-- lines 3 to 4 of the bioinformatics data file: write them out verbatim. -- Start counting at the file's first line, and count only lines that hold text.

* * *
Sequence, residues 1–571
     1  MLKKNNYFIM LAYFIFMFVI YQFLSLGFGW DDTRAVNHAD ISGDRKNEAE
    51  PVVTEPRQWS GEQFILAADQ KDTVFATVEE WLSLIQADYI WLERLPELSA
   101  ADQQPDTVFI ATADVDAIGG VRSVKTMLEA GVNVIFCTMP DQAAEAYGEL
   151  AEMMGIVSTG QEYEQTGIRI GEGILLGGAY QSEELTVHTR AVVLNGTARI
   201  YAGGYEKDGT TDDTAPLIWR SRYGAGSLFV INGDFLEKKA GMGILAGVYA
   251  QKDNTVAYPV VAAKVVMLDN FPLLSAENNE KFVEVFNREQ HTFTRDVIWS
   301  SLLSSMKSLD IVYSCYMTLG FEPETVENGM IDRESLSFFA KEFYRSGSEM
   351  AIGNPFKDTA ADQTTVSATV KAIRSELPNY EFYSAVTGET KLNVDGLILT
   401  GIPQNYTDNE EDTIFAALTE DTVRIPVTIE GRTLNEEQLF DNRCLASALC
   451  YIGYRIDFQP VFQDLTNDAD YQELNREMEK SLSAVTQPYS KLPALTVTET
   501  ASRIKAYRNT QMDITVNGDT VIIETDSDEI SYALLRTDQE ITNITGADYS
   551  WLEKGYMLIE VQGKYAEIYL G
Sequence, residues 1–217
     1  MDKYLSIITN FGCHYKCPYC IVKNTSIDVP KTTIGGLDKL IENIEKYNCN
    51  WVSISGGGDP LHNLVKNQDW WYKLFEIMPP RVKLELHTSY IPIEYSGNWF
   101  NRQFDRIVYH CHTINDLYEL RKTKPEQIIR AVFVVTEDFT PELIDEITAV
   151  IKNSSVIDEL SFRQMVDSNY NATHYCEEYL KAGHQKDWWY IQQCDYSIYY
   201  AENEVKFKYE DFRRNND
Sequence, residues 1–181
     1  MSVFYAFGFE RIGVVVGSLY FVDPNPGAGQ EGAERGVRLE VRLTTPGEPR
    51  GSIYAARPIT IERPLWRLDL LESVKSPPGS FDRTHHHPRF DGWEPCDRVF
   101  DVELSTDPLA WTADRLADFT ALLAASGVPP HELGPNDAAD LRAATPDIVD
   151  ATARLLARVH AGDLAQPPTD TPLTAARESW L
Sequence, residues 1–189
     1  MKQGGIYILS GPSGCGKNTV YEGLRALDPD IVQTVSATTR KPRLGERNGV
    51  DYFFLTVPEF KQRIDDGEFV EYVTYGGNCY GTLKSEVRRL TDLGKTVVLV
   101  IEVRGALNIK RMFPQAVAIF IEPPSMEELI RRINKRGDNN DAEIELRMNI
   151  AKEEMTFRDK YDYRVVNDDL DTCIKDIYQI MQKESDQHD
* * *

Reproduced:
    51  PVVTEPRQWS GEQFILAADQ KDTVFATVEE WLSLIQADYI WLERLPELSA
   101  ADQQPDTVFI ATADVDAIGG VRSVKTMLEA GVNVIFCTMP DQAAEAYGEL